The sidewalk near Division and Bryant streets has quickly turned into a tent city for homeless people in San Francisco. It’s a shabby street under a bridge, unusually cold this afternoon, and small parachute tents line up both end of the streets, along with camper vans stationed here and there along the sidewalks.
When the Chron’s C.W. Nevius went there the other day, he found a young man who described himself as a heroin addict, someone who didn’t want to leave the streets – a part of one of the most enduring, and inaccurate, myths about homelessness in San Francisco.
Out visit left us with a very different story.
Heather Brown, 32, has been on the streets most of her life “off and on” but her grandfather’s death pushed her onto the streets for good. The house was sold and she had to move out, and with no money she had no option but to stay on the streets.
“We are just trying to start over” she says, while cradling her pet dog Bella. Her issue with shelters is that they will not allow her to live with her companion or fiance. Brown is four months pregnant and shares the tent with Travis Perolt, 34, who’s been on the streets for the past 16 months. They were both originally from Redwood city.
“It’s hard to start over, it’s hard to find a job when you are on the streets. You want to look presentable, wake up early morning and put in a job application. Still we do it all the time, we keep applying for jobs,” she says.
Brown is a college graduate with a degree, child psychology being one of her majors. Even if she gets a job, finding an affordable apartment in this city is nearly impossible.
You can barely hear her over the deafening noise of the cars overhead. “This is a constant you know, some people, they get psychosis because that is what we hear day in, day out,” she says, but quickly starts to explain that “people are really kind you know, the other day someone left peanuts, I walked down the street and shared it with everyone around. They also drop by warm clothes. You won’t believe but the dog is better cared for than us” she laughs.
It’s a small community that watches out for each other: They can quickly lose their tents and all their belongings if they are not present at the scene and are not able to quickly pack up all their belongings in under 20 minutes.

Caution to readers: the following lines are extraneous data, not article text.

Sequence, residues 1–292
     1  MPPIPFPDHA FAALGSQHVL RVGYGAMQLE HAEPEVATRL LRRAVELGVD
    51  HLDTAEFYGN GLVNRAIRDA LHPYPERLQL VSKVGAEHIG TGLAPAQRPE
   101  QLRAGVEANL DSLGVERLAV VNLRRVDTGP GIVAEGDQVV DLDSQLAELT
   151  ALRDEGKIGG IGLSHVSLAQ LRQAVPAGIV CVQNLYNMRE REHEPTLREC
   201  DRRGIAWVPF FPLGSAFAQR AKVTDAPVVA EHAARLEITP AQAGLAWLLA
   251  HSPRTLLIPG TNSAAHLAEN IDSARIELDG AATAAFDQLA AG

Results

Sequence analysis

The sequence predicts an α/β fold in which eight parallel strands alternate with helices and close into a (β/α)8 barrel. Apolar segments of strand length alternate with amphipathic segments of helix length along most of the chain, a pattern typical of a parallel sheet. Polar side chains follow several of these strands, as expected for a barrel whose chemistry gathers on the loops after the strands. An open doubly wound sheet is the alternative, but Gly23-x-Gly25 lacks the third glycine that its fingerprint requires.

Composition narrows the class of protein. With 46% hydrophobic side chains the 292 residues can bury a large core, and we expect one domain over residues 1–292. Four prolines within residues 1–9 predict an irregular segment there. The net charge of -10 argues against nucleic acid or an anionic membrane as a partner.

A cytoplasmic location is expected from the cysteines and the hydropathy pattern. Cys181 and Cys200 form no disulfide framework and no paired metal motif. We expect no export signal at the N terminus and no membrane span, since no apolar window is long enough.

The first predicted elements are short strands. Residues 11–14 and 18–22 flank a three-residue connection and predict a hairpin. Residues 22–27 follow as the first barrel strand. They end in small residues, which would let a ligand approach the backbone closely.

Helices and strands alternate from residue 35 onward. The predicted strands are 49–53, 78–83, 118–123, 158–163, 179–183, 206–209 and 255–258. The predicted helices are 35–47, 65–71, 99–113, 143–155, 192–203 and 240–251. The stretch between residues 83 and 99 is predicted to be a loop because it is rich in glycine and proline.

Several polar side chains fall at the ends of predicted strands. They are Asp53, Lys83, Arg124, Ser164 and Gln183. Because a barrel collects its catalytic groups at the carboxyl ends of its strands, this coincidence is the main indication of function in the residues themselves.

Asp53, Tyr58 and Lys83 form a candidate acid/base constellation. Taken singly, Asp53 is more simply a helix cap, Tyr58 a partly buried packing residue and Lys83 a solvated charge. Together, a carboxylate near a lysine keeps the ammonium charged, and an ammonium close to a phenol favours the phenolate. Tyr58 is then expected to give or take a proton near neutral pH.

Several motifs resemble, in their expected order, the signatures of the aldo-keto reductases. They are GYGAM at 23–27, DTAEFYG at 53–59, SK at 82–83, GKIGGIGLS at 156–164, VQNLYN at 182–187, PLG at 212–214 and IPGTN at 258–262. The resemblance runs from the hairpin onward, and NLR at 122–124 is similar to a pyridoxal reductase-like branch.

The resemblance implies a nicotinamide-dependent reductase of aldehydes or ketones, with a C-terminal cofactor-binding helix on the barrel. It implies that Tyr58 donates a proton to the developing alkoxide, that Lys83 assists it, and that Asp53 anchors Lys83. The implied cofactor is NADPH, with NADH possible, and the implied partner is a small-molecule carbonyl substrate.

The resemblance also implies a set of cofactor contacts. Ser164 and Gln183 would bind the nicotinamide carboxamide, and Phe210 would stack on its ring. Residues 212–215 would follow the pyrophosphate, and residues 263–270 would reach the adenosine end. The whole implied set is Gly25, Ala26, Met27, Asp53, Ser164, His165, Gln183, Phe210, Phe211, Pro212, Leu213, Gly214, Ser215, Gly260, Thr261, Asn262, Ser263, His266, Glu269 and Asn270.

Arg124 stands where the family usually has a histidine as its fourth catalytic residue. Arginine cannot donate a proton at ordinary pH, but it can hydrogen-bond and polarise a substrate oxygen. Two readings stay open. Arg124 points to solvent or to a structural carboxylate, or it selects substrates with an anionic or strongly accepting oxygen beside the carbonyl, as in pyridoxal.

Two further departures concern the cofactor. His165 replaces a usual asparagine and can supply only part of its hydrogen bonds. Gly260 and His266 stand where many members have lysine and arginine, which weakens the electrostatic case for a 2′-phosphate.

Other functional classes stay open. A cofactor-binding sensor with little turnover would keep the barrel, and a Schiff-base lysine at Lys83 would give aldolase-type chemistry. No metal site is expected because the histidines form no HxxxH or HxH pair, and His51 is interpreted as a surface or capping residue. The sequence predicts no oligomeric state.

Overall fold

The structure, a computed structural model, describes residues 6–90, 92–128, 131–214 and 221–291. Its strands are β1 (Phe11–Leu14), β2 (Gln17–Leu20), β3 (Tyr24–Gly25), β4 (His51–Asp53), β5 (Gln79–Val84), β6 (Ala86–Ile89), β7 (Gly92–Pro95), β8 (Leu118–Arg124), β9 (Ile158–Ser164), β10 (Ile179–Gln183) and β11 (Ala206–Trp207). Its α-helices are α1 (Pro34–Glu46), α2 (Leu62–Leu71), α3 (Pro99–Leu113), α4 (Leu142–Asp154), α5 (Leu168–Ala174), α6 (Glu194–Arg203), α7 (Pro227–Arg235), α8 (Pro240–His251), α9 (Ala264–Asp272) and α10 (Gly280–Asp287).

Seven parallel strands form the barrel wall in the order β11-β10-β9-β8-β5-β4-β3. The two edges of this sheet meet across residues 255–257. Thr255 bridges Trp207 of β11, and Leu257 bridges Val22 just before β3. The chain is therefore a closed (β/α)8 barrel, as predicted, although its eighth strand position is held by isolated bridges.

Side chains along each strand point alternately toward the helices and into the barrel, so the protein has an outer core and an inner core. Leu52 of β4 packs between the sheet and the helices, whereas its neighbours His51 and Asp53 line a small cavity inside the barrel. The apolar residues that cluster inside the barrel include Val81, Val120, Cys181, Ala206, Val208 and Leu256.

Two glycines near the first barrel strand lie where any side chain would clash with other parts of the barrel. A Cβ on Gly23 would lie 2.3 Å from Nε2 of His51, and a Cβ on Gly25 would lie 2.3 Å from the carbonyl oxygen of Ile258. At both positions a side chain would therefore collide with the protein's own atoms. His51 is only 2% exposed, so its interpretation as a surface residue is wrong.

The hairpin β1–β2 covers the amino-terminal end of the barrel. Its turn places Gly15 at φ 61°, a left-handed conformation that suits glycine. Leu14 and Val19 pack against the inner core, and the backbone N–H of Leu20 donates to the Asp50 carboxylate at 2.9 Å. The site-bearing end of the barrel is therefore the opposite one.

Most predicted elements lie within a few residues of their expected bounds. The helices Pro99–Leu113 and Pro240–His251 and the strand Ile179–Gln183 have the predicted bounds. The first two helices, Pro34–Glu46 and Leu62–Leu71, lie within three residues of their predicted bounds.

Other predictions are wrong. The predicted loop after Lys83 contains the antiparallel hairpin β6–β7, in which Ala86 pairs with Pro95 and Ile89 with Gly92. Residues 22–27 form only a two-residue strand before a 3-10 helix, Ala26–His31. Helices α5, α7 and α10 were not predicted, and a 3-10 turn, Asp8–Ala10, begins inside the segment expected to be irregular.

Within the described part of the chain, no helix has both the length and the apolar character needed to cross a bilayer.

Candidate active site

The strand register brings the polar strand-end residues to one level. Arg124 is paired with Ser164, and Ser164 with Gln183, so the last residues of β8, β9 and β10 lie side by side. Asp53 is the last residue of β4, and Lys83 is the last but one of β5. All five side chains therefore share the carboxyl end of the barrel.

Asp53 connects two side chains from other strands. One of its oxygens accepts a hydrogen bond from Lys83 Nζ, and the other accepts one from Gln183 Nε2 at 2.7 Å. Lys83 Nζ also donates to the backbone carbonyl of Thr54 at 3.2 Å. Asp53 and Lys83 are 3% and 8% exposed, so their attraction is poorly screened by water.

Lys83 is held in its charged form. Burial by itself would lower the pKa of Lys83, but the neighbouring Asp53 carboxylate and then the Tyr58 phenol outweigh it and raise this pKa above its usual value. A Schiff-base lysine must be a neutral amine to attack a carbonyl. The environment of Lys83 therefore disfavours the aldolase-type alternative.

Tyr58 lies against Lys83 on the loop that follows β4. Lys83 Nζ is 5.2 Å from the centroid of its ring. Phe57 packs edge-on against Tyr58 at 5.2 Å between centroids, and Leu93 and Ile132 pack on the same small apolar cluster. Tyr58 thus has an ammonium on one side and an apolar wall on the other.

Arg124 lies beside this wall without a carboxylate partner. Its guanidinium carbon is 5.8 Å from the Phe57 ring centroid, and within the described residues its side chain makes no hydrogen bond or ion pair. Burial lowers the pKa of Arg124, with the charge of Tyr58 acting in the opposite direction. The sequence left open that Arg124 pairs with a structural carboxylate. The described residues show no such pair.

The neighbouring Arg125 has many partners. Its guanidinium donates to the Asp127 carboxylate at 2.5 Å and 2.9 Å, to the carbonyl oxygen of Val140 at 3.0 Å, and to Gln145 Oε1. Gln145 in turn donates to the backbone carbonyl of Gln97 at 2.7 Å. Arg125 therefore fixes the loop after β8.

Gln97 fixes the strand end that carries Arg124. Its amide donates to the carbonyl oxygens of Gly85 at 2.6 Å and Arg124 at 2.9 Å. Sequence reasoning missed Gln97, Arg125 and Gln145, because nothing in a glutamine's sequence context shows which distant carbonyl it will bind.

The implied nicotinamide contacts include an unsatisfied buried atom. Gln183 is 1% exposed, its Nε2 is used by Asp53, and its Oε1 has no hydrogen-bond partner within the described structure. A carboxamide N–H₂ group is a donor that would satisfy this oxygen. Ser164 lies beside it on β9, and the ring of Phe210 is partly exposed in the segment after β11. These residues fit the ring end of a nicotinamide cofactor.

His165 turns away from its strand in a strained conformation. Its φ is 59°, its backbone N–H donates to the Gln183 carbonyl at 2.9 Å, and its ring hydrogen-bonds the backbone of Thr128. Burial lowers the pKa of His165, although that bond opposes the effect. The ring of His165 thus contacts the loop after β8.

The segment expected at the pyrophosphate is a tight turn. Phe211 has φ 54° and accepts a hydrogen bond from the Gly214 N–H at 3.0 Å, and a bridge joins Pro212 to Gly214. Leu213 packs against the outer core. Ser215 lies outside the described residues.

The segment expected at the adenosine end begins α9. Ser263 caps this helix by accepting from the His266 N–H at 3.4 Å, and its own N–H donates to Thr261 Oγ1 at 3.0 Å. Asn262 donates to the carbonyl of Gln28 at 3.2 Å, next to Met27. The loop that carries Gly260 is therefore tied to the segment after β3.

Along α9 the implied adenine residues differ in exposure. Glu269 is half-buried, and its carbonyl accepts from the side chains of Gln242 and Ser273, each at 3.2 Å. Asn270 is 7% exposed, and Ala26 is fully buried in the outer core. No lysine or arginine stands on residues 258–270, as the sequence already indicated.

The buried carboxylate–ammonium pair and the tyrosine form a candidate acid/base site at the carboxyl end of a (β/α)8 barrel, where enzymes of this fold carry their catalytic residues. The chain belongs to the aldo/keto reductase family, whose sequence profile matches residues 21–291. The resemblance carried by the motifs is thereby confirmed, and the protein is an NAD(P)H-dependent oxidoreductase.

Heather and her partner clean out the area they live in; there’s no garbage in sight. “We were living right across the street for some time and used to help local businesses by cleaning up the trash in front of the stores,” Perot says. They moved here after they were told by the police.
“The cops told us specifically to go to Bryant and Division. This is where we are invisible under the bridge so that people who are here for the Super Bowl won’t see us from the highway.” When asked what they thought of the perception that most homeless people are drug addicts and therefore do not want to go to shelters, Brown laughed and nodded her head “I am drug free, sure there are young kids who have these issues but they need help too. They need help to get out of here and start a decent life. I am homeless and I am not an addict.”
A few tents down, an African American man in his 40s is still trying to figure out setting up his tent. Most people here find tents that have been abandoned by others or are cheap, making do with torn edges. [Local activist Shaun Osburn is running a program to buy new tents for homeless people; check it out here.] “I am too embarrassed to give my name or my story, because my family will see this,” he says.
Cathy, 51-year-old trans woman, is not reluctant to share. She’s been on the street since last fall after being kicked out of three different shelters. “I came out of an abusive relationship, with a boyfriend who was meth addict. I was beaten and abused. Domestic violence put me on the street, not drugs” she says. “I’m not a drug addict, the only thing I’m addicted to is nicotine.”